Seton Hill University defines information-fluent students as those who make intelligent choices when gathering information in support of a chosen topic.
Middle States Commission on Higher Education
1919 - Middle States Commission emphasized the importance of libraries in colleges and universities
1994 - Introduced the term Information Literacy as a standard for accreditation
2000*- Association of College and Research Libraries (ACRL) published The Information Competency Standards for Higher Education
2016 - ACRL adopted the Framework for Information Literacy for Higher Education
*This document significantly influenced the task force that developed Characteristics of Excellence in Higher Education, the 2002 standards for accreditation of the Middle States Commission on Higher Education.
Information-Fluent students are able to:
The information fluency assessment rubrics developed by the librarians and the former Information Literacy Committee are used by faculty to evaluate the information fluency content of the courses they teach. The rubrics are completed as part of the program review process and when new courses are developed to ensure that information fluency is being integrated in all parts of the curriculum.
Effective research assignments offer students an opportunity to learn and practice information fluency skills. Over time these projects enable students to develop effective research strategies that often result in a commitment to lifelong learning.
Information fluency skills including basic search strategies, evaluation methods, and the knowledge of discipline-specific sources are vital in the success and development of today’s students and tomorrow’s life-long learners. An effective research assignment can provide an opportunity for students to develop these skills. Unfortunately, assignments also have the potential to confuse and frustrate students.
However, a well-designed assignment can teach students valuable research skills and improve the quality of their papers. Here are some suggestions
Set objectives and make them clear to students
Objectives help students focus on the information fluency or research skills they should learn as a result of the assignment.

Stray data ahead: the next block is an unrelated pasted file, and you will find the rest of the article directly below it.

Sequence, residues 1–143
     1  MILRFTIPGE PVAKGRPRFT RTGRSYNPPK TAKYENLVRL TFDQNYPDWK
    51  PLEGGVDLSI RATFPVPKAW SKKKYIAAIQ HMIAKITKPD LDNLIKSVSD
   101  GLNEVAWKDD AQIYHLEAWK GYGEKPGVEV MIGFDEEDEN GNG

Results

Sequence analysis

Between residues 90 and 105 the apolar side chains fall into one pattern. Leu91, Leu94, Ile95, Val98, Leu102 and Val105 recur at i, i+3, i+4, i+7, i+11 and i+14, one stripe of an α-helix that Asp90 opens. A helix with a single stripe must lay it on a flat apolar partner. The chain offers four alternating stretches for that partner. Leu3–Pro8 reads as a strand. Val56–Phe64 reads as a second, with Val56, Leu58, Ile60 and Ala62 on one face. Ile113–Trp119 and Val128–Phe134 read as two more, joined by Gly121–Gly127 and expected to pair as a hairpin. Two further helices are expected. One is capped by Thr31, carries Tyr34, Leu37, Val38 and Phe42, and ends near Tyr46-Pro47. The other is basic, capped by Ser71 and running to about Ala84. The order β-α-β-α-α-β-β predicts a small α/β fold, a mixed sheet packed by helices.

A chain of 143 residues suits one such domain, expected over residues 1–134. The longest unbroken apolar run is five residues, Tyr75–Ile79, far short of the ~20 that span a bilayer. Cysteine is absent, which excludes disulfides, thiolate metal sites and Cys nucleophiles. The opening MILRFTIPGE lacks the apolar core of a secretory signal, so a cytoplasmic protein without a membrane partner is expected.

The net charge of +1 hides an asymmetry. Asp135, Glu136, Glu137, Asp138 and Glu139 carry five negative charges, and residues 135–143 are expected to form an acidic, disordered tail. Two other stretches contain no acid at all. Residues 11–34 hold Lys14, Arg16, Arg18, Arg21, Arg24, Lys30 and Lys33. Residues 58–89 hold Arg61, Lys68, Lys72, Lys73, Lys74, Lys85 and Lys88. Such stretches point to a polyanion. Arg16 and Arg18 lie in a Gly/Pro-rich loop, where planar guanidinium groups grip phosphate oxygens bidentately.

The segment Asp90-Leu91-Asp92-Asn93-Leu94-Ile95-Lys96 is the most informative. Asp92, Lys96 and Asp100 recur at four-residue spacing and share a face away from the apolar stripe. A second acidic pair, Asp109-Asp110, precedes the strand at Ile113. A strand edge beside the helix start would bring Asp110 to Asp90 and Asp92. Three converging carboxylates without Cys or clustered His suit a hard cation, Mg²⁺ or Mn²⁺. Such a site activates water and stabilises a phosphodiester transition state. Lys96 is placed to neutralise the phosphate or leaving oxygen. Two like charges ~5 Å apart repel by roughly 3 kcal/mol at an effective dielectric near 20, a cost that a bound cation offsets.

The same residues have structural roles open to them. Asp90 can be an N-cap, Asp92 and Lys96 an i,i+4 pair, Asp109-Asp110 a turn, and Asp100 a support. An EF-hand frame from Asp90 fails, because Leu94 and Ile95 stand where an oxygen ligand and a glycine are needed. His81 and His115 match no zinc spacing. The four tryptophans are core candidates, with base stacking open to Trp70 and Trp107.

The student should learn to:
Teach research strategies
Breaking down the assignment into steps will help students accomplish your stated objectives. The following might be an appropriate research strategy.
Research is a personal process that requires practice. Students benefit from opportunities to reflect on their research strategies and think critically about what they are doing.
Provide resource lists
Resource lists direct students to the most useful information sources for a particular assignment. Make sure to explain that students should go beyond the resource lists and find their own sources, as well.
Because so many reference sources are moving from print to electronic formats, you may want to check Full-Text Finder -the library's listings of print and electronic journals.
Librarians are available to meet with faculty who are designing or redesigning syllabi and research projects. This collaborative process helps to promote the University’s commitment to information literacy and provides students with specific opportunities to learn and practice effective research methods.
To schedule an in-class information fluency session, please contact your division liaison librarian.
All Composition & Culture classes should be scheduled through Kelly Clever at firstname.lastname@example.org or (724) 830-1174.
Library sessions must be scheduled at least two weeks in advance so that we can work with you to develop an effective presentation, online guide, and evaluation plan. Please provide a preferred and an alternate date.
Please be prepared to share the following information with us:
* A copy of your project or assignment, including the due date and any special requirements
* A copy of the course syllabus
* Information fluency skill suggestions such as:
- Research level—100/200 level, 300/400 level
- Information fluency skills for focus (e.g., source evaluation)
* Library resource preference—if applicable
- Specific databases
- Print collections
* Number of students in the class
* Room setup
The presence and involvement of faculty in the planning and teaching of a library session is critical for success. Students are more engaged when the instructor participates in the session.